And so my friendsrealized that much of the energywe were propagating in the earthwasn't coming back to the antennathat we were pulling behind the boats.

So with these, these friendscame up with two different solutions.

One was insteadof pulling a small number ofcableswith receivers behind a single boat,let's put multiple boats out thereand let's take the energy source outfrom directlyin front of that string of receiversand put it further awayso that we can plan theright path of the energy and understandwe want the antennawhere the energy comes back to the surfacebecause we want to illuminatethe areas that have oil and gas.

And so in 2004, we went offand did two different experiments.

One with this new technology called

Wired as a toad streamer.

The otherwhere we contracted with the company,taught them how to buildlittle computersthat were placed on the seabed.

And the first experimentwe did was in between fourand 6000 feet of waterin the Gulf of Mexico.

So we did these two experiments.

The interesting thing, though, was duringthese experiments, our competitorswere flying helicopters over the Gulf,watching what we were doing.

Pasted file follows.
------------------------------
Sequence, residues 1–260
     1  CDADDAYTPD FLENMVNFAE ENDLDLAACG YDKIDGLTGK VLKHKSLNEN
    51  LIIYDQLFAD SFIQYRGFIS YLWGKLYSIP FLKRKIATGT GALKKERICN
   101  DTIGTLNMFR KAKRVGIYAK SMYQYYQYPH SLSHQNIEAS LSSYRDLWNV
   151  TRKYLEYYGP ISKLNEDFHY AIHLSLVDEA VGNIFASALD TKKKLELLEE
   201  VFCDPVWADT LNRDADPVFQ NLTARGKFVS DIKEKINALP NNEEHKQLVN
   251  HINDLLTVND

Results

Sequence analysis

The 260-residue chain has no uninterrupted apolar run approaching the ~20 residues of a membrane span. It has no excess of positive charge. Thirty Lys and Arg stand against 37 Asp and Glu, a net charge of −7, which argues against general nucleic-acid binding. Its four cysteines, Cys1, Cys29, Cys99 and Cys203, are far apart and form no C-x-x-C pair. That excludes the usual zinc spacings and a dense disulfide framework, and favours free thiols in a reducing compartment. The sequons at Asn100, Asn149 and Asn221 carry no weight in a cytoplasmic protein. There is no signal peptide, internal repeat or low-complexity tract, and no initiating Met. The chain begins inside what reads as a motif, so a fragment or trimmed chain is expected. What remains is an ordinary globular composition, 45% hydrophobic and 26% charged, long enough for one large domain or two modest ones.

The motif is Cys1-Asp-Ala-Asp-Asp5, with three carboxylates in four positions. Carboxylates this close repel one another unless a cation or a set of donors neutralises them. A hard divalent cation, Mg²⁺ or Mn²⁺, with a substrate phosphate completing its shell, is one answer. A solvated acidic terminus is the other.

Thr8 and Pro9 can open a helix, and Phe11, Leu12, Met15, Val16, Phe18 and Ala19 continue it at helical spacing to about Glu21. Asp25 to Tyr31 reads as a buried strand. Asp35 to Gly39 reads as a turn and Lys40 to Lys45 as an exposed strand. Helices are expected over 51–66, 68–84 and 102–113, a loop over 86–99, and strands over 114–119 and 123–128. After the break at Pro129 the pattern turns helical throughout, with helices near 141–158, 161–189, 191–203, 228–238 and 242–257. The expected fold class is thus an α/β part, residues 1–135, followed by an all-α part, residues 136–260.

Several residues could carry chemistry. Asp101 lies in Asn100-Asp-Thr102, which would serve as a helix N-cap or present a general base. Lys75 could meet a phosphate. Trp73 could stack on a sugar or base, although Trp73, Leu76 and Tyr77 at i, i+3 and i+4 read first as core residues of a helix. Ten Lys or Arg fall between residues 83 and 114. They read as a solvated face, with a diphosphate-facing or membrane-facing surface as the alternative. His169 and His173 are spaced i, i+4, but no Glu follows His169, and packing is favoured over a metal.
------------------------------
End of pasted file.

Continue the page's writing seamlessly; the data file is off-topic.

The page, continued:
Of course, instead of having one boatwith one set of air gunsand one set of receiver strings,we had multiple boatsand air guns on differentdifferent boats spread out more widely.

And so the first time we didit, people were wonderingwhether we were crazy or brilliant.

The second time that we did it,they realized BP's not offdoing an experiment the second time.

If it didn't succeed, the first.

The first. Yeah, yeah, yeah.

So everybody reallyhad enough intuitionor what was going on to think about what?

What's happening.

So at that point, keeping a secretis challenging.

You've already contracted with a companylike PGS to acquire the data,so they're telling their friends,your guys, you're talking.

So we published that information andyou know, the challenge of delivering thatcomputation personallyand operationally was interesting.

We sent helicopters out to the boatsonce a week to do crew changesand we would bring hard drivesfull of the newly acquired seismic data,put it on to a hotshot truck driverto Houston.

One of the people in our teamwould pick it up from the driveron Saturday morning, loadit in, we'd be processing and by Mondayor Tuesday, people who were standingin front of their workstationswanting to look at the image.